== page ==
Que Sera?

I have written before about my mothers respiratory attacks. It is a terrible thing to witness some one you love struggling to breathe and be completely helpless to do anything other than dial 911. The feeling of complete impotence is overwhelming and unless you have experienced such a horrific event you can not begin to imagine the scene.

I understand that there is a machine available that is used in these instances that provide immediate relief. I am embarrassed to say that after three trips to the hospital in five months and seven weeks after her last discharge we still do not have one. We do however have an appointment to see a doctor about getting one. The appointment is still almost two weeks away.

It is five a.m.here and I am up waiting to see if we are going to the hospital again for the fourth trip in six months.The predictability of these attacks has become relatively certain. About every six weeks you can count on one.

Mom turns eighty five today and I pray that she doesn’t do it in the hospital. I am experiencing  a lot of frustration about this entire situation.

I am frustrated that we don’t have that machine. As children and caregivers we should do better.

I am frustrated that it takes two weeks to see the doctor for something that could be life saving but I guess he thinks if it takes six weeks to call it can’t be that important.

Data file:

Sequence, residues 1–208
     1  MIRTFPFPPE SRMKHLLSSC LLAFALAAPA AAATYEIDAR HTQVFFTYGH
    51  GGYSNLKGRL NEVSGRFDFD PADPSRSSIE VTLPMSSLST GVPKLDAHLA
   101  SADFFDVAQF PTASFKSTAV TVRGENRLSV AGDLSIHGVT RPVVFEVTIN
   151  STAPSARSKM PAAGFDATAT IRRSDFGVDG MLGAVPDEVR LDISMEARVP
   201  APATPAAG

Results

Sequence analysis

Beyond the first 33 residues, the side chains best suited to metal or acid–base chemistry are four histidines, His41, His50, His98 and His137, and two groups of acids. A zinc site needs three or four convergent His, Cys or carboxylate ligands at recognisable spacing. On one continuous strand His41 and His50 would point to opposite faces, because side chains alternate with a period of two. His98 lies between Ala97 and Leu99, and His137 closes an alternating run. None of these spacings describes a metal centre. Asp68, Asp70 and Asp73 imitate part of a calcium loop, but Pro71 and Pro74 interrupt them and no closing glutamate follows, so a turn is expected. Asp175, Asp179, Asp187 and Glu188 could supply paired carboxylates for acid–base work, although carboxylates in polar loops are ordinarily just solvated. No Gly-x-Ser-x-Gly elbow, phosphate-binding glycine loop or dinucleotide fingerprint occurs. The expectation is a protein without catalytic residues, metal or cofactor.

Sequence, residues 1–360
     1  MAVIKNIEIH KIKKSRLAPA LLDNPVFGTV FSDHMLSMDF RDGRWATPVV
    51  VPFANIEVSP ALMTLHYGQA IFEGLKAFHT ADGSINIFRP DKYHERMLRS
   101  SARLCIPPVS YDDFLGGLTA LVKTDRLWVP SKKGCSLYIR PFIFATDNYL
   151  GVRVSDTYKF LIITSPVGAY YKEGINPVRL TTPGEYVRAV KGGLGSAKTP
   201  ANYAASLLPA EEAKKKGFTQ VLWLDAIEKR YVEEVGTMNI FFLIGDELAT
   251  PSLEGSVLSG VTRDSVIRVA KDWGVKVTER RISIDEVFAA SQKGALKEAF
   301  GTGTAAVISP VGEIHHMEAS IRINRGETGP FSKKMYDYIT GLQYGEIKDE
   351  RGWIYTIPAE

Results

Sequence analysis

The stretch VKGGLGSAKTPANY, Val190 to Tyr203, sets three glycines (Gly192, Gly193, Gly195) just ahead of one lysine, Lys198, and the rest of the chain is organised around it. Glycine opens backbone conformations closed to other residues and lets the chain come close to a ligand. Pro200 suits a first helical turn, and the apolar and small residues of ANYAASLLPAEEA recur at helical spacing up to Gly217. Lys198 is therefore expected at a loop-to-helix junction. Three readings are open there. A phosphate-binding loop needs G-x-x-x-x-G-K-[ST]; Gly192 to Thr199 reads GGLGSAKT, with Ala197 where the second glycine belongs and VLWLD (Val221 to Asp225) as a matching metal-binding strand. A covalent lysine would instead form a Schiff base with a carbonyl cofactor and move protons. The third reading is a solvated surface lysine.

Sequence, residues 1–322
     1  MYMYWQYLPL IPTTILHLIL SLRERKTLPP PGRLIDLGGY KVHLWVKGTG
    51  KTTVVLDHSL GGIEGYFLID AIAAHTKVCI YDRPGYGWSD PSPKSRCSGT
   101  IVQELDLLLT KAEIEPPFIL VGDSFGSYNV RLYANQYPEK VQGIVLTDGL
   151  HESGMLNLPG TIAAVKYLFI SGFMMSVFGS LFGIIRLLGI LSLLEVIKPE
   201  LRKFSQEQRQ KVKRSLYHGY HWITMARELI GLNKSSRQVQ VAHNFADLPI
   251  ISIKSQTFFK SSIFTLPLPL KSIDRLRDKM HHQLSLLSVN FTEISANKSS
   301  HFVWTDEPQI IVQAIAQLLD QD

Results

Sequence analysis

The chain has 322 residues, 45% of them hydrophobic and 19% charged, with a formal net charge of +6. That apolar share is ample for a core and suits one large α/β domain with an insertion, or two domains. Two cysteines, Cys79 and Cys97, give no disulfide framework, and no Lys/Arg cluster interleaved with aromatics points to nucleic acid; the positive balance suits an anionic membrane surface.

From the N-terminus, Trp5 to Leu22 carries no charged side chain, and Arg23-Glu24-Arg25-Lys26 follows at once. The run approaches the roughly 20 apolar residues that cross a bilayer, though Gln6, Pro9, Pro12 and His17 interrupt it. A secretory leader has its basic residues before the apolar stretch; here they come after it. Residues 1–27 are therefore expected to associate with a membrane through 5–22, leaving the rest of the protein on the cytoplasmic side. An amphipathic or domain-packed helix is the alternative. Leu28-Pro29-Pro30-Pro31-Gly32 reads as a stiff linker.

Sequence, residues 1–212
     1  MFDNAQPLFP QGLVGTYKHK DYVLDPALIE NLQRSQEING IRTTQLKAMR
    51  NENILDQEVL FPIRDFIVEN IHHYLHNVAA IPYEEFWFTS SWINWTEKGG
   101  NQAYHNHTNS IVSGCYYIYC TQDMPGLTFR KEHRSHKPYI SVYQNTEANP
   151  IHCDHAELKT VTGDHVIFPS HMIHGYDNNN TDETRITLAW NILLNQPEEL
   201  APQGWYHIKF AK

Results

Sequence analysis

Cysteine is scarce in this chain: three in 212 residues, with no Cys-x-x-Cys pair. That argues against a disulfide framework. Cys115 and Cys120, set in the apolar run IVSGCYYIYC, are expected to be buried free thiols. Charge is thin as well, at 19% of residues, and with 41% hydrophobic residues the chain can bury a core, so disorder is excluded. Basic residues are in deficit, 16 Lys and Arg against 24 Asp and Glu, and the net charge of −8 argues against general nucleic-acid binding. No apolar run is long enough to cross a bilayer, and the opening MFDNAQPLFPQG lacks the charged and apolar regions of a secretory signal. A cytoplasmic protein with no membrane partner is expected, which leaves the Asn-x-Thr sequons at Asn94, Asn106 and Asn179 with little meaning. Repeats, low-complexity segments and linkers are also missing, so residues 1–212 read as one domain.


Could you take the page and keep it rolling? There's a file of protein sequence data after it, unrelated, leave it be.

I am frustrated with my mother that she will not or can not take life just a little bit easier at eighty-five years old. Earlier this week she was in the bathroom cleaning the shower with chemicals in an enclosed area. Yesterday she was standing on a foot stool spraying the windows with window cleaner.  This being done by a woman with a history of respiratory distress. Both times I stopped her and finished the task.

Why couldn’t she ask me to do these things for her instead of me walking in after the fact. Why can’t she make a list of what needs to be done and when? Such a simple solution to avoid what could be a potentially deadly situation.

Granted that I have not been available in the past while Daddy was alive to help as much but he is gone now. Just yesterday I tried to tell her when I found her doing the windows that it was time for another attack and here we are waiting to see if we are going to the hospital.